Dorothy Winifred Gibson (1889-1946) is arguably one of the most fascinating women of the twentieth century. Her story is more than deserving of its own film or TV show and yet, if it was to ever appear on the screen, … Continue reading
While wartime films did open up passage of gender exploration for both film-makers and audiences, the war itself meant that the discourse could not be as radical or far-reaching as some might have hoped. For the sake of both national … Continue reading
The question of female identity inevitably encouraged both film-makers and audiences to explore ideas of masculinity, in particular the relationship between heroism and men in non-combatant roles. If men had to fight to prove their masculinity, what did that mean … Continue reading
A crucial concern of the wartime discourse on gender was that of duty versus desire, explored in the melodramas and Brief Encounter. L. K. Gordon of Leicester wrote to the Leicester Evening Mail in 1943 stating that ‘the war had … Continue reading
The anxious discourse on female mobilisation during the war also concerned the perceived necessity of protecting the femininity of these women. Gender distinctions rest largely on appearance, thus “these trouser-clad androgynies destabilised the polarisation upon which gendered identity normally rested”. … Continue reading
Categories of social difference are identified by how they juxtapose each other. Women are women because they are not men; masculine is masculine because it is not feminine. Gender is perceived in binary terms and this relationship is highlighted in … Continue reading
Nearly two and a half thousand years ago, c. 429BC, Sophocles’ Oedipus the King was first performed at the Athenian Dionysia. Audiences listened with morbid fascination as a messenger revealed the awful suicide of Oedipus’ wife and mother, Jocasta, and … Continue reading
This year marks the centennial of the First World War: an epic, transformative global conflict that lasted just over four years and claimed the lives of seventeen million soldiers and civilians. Today, there are no living survivors of the Great War; we must rely solely on collective memory to understand what happened amid the blood and the mud, the writing and the waiting, one hundred years ago.
There is, of course, an inherent problem with this. The British remember the war in a particular way; as, indeed, every country involved does. For us, the war was futile, horrific, catastrophic – a war of ‘lions led by donkeys’ – that stripped our country of its bravest and brightest. Interestingly, this was not the common belief in the immediate aftermath of the war; this idea only really gained traction during the economic slump of the 1920s. But despite this fact, and even in the face of a recent boom in scholarship around the First World War, there has been little impact on popular remembrance. The war is still understood in Britain as the ‘bad war’ – especially in contrast to its successor – and this over-arching narrative is emphasised and promulgated by popular culture.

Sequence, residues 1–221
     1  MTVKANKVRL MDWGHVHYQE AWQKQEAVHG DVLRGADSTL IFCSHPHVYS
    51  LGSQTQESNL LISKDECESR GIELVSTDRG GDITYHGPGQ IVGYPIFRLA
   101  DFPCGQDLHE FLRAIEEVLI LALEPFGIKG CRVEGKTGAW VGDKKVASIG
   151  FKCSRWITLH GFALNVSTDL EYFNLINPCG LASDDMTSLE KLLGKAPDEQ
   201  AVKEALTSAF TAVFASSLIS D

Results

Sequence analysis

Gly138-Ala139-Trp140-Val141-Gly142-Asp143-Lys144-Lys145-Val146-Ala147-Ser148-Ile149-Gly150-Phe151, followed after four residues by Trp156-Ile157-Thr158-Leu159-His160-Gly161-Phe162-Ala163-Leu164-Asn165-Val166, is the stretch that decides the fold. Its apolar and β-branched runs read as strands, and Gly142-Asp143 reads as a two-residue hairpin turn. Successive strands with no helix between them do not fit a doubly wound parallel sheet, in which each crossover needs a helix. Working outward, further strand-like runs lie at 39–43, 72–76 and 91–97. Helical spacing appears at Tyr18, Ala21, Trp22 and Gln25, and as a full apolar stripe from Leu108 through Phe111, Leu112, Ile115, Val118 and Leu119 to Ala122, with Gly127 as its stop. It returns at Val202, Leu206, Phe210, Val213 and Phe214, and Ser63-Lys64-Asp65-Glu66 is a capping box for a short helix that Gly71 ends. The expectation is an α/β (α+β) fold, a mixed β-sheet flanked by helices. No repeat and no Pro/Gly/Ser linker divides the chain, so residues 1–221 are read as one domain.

It is the year 308 BC; fifteen years after the death of Alexander the Great. During this time, his empire has been unofficially divided between his closest companions: Ptolemy, a Macedonian general and one of Alexander’s oldest friends, has control of Egypt; the one-eyed general Antigonus has Asia Minor and Syria, and Cassander – son of the late great general Antipater – has forcefully taken over as regent of Macedonia and the Greek city states. This arrangement, however, is far from secure and intermittent, bloody war rages throughout Alexander’s lands.
In Sardis, the capital city of Lydia (situated in modern-day Turkey), Cleopatra of Macedon plots her escape. She has been living as a guest-prisoner with Antigonus for more than ten years. She is a princess – the full sister of Alexander the Great. By now she is about fifty years old. Most of her family is dead – mother, father, brother and half-siblings all having met untimely deaths. Somehow, word has reached her that Ptolemy, ruler of Egypt and a childhood friend of her brother’s, has asked for her hand in marriage. Despite having rejected the proposals of many of Alexander’s other generals, she accepts. This is where we find her, attempting to make her way south to Egypt.
She never makes it. Antigonus’s men find her and she is brought back to Sardis, imprisoned and killed. The question is, why?